Shrieks and yelps echoed through the gym at the City Rescue Mission as children stampeded across the wooden floor.
A mob enveloped Santa and Mrs. Claus on Friday afternoon. Children jumped and squeezed in close and yelled with joy. An older boy sneaked a quick tug of Santa's beard.
Parents peeled their children out of the group hug as volunteers tried to corral the kids into a line.
“You cannot trample Santa Claus and Mrs. Santa Claus,” one mother instructed her children.
Zoey Ramos, 5, was the first to sit on Santa's lap.
She grinned as she whispered to him.
“I asked for a house and a house and a car and dolls,” she said afterward, excitedly picking through the toys from her stocking. “Do you want to play with my Play-Doh with me?”
Her mom, Rita Ramos, swayed from side to side as she held her 4-week-old son, Jeremiah, who slept through the clatter. The party was special for Zoey and her older sister, Izabell, Ramos said.
“They love it,” she said. “They're really big into Santa.”
Izabell, 6, pulled out a prize from her stocking: “I got a toothbrush!” Her mom smiled and patted her daughter's shoulder.
The Ramos family has been living at the shelter since August. Rita is participating in Bridge to Life, a program designed to find long-term solutions for homeless residents.
Rita said she's becoming self-sufficient and staying sober because of the program and close-knit community at the shelter. It's an exciting time, she said.
“I'm really looking forward to ... having that sobriety and giving them exactly what they deserve,” she said.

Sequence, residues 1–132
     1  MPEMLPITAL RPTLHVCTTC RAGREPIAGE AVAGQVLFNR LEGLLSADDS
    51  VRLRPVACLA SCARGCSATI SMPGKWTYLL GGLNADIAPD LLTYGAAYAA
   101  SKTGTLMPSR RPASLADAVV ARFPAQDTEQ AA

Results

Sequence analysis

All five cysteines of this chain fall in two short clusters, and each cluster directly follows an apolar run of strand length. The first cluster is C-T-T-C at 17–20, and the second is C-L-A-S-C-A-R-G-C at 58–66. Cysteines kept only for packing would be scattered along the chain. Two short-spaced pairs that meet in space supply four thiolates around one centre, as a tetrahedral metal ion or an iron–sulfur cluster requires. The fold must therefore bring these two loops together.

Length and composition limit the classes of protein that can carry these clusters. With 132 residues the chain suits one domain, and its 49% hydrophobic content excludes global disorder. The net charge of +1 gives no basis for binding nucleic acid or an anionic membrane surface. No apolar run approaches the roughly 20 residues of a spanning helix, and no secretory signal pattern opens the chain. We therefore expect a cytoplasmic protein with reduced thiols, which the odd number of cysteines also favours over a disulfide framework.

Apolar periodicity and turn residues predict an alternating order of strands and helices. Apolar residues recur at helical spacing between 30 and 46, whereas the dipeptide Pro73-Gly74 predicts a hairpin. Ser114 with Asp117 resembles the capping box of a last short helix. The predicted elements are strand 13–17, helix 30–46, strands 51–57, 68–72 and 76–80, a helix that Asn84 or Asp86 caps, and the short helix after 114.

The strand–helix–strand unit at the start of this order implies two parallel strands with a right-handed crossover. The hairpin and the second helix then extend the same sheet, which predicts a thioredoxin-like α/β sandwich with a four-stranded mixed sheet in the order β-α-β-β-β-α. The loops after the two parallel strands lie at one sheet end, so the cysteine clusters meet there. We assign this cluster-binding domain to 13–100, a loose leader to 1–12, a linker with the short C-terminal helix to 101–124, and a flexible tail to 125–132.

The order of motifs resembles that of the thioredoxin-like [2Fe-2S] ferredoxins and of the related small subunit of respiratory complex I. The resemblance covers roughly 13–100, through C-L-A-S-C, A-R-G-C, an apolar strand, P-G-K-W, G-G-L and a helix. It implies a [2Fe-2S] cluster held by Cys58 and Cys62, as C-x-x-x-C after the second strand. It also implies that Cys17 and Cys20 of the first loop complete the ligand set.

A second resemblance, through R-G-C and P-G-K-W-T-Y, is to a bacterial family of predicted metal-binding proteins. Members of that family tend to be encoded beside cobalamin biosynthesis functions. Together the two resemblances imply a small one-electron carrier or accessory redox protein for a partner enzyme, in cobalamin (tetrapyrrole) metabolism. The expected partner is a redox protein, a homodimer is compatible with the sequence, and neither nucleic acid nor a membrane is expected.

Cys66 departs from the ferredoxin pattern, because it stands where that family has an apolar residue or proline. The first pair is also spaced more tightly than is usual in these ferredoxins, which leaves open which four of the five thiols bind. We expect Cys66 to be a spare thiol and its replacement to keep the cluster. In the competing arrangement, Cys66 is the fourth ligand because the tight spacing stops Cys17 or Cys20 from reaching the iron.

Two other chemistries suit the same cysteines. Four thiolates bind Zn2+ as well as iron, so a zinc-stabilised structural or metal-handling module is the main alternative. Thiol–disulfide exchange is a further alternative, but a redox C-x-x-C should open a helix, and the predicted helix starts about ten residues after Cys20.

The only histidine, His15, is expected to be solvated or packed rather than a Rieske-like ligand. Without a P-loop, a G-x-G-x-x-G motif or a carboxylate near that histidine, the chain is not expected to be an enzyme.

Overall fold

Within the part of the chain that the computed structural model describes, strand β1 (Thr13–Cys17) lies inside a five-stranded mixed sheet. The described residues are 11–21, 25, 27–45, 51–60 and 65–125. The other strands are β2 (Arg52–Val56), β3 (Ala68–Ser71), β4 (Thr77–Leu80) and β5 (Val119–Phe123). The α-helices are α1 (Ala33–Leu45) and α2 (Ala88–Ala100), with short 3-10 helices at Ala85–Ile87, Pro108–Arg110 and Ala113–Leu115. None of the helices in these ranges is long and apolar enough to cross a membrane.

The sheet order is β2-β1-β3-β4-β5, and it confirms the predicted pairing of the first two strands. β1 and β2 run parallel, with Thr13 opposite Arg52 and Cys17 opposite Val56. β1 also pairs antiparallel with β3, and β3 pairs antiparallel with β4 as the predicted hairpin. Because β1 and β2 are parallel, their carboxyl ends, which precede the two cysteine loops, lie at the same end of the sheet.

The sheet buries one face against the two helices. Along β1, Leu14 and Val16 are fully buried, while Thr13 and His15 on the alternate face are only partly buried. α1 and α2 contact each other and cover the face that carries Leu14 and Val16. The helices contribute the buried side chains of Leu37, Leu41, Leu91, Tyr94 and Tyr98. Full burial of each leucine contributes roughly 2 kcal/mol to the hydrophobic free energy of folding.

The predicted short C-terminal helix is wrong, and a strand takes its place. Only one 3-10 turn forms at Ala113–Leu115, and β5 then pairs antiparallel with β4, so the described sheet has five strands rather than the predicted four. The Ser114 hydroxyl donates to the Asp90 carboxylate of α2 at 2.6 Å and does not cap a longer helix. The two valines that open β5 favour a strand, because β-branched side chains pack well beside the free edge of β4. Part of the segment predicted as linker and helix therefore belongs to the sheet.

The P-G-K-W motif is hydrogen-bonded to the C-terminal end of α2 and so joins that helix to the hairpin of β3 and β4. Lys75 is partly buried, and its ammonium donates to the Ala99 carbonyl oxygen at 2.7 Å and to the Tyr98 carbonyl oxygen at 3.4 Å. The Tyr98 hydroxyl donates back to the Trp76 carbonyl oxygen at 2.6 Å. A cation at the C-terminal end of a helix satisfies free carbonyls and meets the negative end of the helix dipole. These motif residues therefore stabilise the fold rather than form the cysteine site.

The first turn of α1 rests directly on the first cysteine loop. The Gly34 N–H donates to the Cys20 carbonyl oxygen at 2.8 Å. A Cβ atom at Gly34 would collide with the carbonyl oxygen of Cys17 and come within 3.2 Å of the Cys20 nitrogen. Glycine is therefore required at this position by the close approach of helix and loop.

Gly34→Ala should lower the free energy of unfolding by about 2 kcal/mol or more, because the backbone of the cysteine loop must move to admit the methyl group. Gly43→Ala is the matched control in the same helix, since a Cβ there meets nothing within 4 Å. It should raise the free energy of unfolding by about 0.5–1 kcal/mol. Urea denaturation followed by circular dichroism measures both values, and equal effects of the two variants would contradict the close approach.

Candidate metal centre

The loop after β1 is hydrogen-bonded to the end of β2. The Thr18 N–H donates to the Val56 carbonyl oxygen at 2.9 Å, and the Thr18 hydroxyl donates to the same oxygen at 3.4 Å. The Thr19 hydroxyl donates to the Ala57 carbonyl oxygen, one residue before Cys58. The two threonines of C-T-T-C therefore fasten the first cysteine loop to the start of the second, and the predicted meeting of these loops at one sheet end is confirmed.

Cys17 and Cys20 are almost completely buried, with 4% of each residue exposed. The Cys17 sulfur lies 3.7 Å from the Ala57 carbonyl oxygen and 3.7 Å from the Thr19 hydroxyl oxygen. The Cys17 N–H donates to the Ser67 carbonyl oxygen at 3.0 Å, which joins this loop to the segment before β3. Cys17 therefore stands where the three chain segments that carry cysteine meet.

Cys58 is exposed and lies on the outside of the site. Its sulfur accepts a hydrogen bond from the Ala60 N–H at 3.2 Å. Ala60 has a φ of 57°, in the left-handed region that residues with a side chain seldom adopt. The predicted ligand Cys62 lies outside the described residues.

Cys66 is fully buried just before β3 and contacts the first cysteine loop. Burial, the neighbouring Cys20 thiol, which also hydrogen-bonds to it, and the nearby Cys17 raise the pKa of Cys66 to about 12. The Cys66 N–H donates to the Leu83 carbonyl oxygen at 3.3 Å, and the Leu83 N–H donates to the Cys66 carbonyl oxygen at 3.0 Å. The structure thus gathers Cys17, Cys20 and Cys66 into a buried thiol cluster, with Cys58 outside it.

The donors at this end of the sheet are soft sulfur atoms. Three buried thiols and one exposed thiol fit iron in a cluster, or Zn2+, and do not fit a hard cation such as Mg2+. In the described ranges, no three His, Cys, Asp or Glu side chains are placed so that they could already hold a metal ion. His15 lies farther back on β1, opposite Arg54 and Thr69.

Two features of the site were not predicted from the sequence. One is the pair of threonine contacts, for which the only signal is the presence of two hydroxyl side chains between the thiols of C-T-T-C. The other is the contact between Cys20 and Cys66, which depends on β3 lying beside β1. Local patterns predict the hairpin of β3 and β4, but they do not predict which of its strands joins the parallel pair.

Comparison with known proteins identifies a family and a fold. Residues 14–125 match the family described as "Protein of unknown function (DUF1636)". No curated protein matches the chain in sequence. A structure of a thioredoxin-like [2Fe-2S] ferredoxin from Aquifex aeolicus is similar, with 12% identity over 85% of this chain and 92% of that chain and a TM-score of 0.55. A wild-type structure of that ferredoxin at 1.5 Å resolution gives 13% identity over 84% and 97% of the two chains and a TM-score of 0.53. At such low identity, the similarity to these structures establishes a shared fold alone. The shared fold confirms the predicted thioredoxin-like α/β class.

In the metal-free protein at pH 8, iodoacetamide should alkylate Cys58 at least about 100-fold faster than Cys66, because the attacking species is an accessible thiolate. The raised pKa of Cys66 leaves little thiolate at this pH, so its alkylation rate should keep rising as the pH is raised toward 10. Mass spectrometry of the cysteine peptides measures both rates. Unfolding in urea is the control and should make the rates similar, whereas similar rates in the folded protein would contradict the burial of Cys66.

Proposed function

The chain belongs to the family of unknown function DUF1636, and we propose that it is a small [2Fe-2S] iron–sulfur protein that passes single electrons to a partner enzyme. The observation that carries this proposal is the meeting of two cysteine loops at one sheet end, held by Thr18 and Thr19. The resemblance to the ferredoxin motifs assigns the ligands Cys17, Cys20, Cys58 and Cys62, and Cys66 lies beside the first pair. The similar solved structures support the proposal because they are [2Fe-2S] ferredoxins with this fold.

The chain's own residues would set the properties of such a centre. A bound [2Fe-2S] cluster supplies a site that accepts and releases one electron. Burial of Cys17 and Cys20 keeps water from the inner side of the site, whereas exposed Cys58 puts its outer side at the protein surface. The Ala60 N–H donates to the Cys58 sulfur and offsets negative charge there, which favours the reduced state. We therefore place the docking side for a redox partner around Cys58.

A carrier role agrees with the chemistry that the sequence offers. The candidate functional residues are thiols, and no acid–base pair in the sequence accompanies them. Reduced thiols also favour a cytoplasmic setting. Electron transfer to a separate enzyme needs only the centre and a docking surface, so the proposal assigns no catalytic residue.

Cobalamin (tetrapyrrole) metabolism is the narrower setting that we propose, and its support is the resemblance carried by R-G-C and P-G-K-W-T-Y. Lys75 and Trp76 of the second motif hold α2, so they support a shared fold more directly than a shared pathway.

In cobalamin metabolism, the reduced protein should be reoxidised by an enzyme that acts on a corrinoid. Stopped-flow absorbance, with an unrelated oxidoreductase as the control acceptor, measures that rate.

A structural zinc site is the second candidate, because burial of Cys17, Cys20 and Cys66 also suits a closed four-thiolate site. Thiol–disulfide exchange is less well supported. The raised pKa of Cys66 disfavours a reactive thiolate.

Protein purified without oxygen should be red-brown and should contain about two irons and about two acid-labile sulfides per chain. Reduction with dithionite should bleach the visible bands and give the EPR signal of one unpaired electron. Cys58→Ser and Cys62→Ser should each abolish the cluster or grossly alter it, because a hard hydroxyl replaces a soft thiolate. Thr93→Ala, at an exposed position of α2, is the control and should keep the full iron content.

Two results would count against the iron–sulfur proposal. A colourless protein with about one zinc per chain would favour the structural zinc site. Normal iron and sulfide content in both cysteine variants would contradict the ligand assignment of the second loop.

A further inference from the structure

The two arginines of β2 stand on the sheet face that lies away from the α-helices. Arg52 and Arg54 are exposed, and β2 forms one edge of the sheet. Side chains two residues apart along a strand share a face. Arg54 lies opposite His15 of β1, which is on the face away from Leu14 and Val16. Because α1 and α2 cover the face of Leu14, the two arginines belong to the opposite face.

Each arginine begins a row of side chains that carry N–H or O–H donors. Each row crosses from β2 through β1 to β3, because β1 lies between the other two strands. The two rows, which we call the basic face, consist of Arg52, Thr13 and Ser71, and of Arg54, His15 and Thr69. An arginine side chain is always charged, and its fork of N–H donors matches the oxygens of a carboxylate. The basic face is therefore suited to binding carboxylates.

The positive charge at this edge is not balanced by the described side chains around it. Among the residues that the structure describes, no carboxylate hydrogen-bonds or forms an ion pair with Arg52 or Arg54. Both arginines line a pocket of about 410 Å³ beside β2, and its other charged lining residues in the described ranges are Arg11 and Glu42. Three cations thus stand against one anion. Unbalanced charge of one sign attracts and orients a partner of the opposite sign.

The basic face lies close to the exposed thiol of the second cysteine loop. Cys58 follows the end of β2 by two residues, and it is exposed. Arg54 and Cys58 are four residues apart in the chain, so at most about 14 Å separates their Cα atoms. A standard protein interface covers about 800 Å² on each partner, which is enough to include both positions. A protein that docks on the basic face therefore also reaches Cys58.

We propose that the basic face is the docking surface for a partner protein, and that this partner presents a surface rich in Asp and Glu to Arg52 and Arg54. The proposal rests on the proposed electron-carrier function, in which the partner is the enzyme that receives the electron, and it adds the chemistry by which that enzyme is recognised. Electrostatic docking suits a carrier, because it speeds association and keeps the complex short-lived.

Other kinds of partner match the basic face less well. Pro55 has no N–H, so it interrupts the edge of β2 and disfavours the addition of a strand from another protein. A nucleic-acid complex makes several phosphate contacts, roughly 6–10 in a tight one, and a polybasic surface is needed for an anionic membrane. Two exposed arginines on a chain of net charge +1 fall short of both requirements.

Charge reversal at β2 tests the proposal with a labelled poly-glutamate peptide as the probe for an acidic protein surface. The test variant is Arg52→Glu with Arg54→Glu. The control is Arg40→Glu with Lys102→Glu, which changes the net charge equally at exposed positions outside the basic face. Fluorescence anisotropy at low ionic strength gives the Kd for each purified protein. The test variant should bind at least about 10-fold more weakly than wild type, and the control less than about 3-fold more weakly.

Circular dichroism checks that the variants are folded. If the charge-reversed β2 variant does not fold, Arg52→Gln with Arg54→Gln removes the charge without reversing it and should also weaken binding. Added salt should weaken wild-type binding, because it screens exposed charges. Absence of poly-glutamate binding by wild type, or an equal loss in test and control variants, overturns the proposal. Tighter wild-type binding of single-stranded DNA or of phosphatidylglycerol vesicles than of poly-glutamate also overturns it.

This year is the first that Scott Sanchez is spending with his daughter, Isabella, 3. After a brief stint in prison, he took custody of his daughter. The state Department of Human Services helped connect them to the mission and the Bridge to Life program five months ago.
The single dad said he's trying to make it special even if he doesn't have much money. Sanchez's family and a friend from church are giving him gifts for Isabella this year.
“She gets to celebrate the joy of Christmas and gets the real understanding of joy and fellowship,” Sanchez said. “This is a really special time for me.”
J.D. and Gloria Simpson have been playing the roles of Santa and Mrs. Claus at the shelter since 1984.
They visit schools and other community locations throughout the city, too.
But the shelter stop has a special place in their hearts, Gloria Simpson said.
Most children ask for little, if anything. One girl this year asked Santa to reunite her parents and make them happy.
“These children here seem like they're more loving,” she said.
“They get excited. I think they appreciate seeing Santa.”